OS X Upgrade MacBook Pro graphics card

Discussion in 'Mac and PC Games' started by OS X Dude, May 25, 2008.

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  1. macrumors 6502a

    OS X Dude

    Joined:
    Jun 30, 2007
    Location:
    UK
    #1
    hi,

    just wondering whether the latest Penryn MBP could have it's GPU upgraded - to something like an 8800MGTX maybe?


    Thanks
     
  2. Moderator emeritus

    robbieduncan

    Joined:
    Jul 24, 2002
    Location:
    London
    #2
    No. They are not cards: the chips is surface mounted to the logic board. The only way to upgrade is to buy a new laptop.
     
  3. thread starter macrumors 6502a

    OS X Dude

    Joined:
    Jun 30, 2007
    Location:
    UK
    #3
    Even on the MacBook Pro?

    So it actually has an 8600MGT chip not a card? :S
     
  4. Moderator emeritus

    robbieduncan

    Joined:
    Jul 24, 2002
    Location:
    London
    #4
    What is a card? It's just the chip and some RAM with on a board. That takes extra space and height. They just take the same chip and RAM that would be on a card and solder it straight onto the logic board. Saves space and cost.
     
  5. macrumors P6

    Tallest Skil

    Joined:
    Aug 13, 2006
    Location:
    1 Geostationary Tower Plaza
    #5
    Yeah, that can't be done. Sorry. At any rate, an 8800GTX that Apple hadn't approved would run too hot. I can see you melting the entire board with one of those.
     
  6. thread starter macrumors 6502a

    OS X Dude

    Joined:
    Jun 30, 2007
    Location:
    UK
    #6
    if i leave Apple stuff for any reason - this'll be why. Even with a Mac Pro i found you can only install Apple approved cards (read: cards made with EFI drivers) so they're still useless really for high end gaming.....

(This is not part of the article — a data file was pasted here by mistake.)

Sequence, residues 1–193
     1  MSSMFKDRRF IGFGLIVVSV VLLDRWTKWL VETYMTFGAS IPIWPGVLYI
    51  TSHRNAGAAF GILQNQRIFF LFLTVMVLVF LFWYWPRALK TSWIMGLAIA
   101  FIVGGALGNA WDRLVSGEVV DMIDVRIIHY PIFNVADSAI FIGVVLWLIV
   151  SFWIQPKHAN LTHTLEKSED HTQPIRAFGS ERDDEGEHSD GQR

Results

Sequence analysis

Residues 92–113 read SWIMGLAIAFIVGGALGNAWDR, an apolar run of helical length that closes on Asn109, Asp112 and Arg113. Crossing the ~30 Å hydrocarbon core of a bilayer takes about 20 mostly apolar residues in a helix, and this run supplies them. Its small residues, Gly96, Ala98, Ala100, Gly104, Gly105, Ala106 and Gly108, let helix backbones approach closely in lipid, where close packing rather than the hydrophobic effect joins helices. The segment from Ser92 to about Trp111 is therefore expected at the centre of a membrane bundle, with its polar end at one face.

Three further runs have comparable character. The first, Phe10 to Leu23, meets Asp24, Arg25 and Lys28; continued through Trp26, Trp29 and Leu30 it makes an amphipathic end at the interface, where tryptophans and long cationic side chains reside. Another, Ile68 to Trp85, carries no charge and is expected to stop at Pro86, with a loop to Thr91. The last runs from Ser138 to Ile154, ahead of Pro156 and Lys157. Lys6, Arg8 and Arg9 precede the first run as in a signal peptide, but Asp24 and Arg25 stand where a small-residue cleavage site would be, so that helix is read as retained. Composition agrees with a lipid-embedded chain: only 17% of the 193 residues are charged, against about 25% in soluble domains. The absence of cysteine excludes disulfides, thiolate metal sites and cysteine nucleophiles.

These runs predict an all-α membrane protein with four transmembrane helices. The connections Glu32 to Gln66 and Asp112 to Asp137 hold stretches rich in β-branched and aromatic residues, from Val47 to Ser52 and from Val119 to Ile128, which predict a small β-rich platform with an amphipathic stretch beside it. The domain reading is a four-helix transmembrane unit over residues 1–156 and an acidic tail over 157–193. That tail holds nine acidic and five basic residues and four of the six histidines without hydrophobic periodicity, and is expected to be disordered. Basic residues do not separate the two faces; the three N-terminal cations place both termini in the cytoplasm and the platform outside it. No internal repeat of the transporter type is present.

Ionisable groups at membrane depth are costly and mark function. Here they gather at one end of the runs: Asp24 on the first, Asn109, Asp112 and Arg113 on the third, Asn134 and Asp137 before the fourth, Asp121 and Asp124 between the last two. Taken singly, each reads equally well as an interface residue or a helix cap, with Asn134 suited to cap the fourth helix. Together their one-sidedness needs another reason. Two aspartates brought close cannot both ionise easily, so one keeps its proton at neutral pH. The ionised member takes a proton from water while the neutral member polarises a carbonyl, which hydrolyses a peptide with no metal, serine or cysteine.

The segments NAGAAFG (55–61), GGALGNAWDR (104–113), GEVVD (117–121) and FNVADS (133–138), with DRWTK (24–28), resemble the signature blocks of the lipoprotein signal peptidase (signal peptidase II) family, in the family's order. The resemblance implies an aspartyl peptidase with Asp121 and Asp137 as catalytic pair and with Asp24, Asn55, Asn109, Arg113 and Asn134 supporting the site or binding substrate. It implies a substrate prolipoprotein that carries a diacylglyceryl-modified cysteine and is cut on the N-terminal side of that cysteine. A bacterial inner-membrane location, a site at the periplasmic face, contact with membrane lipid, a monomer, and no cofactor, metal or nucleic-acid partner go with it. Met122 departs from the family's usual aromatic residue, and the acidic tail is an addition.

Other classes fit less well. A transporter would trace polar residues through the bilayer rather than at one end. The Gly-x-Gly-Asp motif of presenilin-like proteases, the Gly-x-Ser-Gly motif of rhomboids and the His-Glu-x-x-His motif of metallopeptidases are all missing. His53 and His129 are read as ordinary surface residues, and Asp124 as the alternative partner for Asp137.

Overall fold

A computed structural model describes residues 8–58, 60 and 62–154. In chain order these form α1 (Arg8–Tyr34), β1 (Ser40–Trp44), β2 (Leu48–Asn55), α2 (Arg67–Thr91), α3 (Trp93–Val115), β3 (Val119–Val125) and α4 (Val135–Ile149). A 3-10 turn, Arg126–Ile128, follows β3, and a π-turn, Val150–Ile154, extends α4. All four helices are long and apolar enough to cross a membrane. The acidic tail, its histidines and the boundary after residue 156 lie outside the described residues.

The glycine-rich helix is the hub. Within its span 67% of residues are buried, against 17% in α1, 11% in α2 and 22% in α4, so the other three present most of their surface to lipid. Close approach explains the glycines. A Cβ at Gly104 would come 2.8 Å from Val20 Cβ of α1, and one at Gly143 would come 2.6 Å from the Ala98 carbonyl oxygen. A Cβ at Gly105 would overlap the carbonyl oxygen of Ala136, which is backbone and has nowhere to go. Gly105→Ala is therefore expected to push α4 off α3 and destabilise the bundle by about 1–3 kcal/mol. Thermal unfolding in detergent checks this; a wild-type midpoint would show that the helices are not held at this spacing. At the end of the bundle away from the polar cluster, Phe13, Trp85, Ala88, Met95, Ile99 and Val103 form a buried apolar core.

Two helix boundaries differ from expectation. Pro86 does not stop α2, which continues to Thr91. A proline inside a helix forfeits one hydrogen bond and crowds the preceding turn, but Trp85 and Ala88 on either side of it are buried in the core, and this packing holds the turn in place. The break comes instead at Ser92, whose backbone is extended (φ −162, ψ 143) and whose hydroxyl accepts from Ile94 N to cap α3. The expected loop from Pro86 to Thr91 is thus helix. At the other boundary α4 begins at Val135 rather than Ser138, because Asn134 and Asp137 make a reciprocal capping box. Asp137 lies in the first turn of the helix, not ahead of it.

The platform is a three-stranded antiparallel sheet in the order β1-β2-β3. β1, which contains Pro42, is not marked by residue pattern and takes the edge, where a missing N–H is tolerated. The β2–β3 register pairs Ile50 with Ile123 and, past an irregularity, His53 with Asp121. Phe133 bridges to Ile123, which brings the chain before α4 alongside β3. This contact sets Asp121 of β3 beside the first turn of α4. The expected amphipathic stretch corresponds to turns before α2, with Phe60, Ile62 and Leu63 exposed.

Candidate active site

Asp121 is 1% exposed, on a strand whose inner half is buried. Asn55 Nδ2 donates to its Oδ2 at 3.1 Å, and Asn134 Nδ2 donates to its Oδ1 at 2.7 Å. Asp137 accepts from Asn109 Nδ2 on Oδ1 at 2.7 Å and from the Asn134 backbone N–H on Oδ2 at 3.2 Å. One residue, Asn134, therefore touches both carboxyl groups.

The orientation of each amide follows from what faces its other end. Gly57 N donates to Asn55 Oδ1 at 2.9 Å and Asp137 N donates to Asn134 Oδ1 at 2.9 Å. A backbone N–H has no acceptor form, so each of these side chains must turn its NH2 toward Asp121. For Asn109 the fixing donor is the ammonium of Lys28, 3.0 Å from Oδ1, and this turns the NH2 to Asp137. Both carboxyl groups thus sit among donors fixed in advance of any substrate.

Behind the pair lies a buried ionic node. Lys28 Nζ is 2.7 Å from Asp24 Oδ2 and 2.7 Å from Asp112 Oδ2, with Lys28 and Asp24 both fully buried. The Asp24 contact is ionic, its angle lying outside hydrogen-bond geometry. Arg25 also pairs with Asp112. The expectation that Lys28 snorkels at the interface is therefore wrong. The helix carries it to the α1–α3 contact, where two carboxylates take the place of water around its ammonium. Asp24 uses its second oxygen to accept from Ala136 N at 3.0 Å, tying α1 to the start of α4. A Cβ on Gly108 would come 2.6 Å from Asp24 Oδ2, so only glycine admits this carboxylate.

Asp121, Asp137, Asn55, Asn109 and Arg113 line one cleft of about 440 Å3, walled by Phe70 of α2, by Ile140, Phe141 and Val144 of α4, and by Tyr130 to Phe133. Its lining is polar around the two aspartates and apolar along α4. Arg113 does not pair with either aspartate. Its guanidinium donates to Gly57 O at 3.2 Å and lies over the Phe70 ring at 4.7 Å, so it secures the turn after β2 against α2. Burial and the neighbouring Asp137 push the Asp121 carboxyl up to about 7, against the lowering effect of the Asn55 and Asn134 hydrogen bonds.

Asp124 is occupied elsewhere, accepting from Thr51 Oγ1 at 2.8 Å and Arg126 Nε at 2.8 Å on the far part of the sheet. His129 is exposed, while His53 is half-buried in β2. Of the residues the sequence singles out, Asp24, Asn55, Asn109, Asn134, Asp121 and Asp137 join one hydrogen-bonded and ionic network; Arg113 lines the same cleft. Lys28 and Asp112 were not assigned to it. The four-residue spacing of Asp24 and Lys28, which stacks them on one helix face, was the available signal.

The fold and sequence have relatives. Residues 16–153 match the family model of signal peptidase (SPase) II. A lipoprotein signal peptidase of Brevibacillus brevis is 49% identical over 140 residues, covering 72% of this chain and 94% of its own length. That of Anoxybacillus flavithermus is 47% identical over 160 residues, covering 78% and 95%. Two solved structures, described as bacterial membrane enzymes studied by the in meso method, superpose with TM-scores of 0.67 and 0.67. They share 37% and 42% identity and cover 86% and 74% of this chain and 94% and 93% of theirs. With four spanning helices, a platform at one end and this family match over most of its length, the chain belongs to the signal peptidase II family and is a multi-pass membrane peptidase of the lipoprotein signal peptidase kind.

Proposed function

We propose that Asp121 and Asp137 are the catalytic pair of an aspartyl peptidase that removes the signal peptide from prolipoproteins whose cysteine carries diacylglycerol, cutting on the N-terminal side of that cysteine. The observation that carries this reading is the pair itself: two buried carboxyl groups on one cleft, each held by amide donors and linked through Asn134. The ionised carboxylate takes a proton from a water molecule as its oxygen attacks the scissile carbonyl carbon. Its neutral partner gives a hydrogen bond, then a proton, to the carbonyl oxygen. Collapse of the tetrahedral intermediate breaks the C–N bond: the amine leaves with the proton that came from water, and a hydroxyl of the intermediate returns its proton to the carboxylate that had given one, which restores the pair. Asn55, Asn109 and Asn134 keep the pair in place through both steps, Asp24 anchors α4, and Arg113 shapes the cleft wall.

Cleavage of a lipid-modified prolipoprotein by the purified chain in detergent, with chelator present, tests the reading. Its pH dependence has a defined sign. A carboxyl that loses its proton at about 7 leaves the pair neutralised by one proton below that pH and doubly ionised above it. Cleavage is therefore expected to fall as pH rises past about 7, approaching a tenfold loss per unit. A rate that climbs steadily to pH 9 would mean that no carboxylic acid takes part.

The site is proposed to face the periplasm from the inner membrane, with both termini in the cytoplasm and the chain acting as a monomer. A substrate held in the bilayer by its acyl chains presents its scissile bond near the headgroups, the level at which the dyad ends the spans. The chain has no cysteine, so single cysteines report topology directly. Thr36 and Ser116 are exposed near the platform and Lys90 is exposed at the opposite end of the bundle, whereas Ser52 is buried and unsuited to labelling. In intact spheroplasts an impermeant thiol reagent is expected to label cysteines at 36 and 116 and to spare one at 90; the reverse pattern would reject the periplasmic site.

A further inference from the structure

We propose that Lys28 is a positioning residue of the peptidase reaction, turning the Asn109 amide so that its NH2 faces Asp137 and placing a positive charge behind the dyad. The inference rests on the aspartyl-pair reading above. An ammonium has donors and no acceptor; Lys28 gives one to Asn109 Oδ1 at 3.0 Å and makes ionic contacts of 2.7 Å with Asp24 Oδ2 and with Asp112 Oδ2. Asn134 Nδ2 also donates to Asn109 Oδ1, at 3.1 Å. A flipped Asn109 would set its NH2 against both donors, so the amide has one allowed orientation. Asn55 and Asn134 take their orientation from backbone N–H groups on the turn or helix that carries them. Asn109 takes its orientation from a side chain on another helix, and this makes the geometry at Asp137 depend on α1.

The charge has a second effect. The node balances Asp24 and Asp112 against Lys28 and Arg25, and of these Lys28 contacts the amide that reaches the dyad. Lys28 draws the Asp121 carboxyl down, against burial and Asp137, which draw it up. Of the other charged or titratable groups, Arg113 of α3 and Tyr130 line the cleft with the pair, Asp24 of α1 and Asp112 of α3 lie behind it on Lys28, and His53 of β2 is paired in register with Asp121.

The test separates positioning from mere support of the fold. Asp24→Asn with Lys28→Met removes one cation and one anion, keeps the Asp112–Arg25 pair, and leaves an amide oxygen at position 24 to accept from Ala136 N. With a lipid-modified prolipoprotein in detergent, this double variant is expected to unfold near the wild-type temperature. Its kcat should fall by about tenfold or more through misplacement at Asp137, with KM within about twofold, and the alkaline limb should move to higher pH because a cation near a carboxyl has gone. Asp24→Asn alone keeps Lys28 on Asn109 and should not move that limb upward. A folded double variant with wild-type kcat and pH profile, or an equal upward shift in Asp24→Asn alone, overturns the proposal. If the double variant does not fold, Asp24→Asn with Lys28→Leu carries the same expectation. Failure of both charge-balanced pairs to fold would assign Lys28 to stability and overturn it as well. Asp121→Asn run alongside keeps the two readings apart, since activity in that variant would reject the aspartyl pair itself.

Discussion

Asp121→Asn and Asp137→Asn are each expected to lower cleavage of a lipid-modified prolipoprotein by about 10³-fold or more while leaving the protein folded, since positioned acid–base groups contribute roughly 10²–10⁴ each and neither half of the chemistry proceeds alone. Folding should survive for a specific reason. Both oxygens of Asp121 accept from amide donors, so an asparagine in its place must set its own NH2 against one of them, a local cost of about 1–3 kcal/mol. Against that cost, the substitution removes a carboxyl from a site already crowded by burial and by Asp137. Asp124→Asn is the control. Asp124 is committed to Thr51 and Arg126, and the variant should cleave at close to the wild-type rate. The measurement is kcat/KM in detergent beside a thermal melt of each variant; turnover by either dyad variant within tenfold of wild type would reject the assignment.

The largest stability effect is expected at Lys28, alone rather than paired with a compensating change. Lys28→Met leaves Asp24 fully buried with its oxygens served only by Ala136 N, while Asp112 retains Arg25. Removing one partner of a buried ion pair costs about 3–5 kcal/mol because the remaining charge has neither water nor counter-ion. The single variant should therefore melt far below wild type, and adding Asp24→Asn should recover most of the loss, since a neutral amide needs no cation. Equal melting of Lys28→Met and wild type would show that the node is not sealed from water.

i found an alienware m15x with an 8800MGTX card (fastest laptop card) for £949..... jeez im tempted! :(
     
  7. macrumors 6502a

    ebel3003

    Joined:
    Jun 20, 2007
    Location:
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    #7
    The Mac Pro isn't really a gaming machine, it's a workstation. If you're a gamer, you stick to machines designed for gaming, not machines designed for professional use.
     
  8. macrumors 6502a

    redsteven

    Joined:
    Aug 22, 2006
    #8
    I've been a mac gamer for...ever and though i'm definitely tempted sometimes, i very much doubt i'll get a PC any time soon.

    The only thing that bothers me though (and most other gamers, i'm sure) is the graphics cards (which usually has no upgrade path).

    Games are becoming more and more dependent on graphics cards, so the problem is just getting worse :(

    Still wishing for that mythical mac mini-tower :)
     
  9. macrumors G4

    Joined:
    Mar 4, 2006
    #9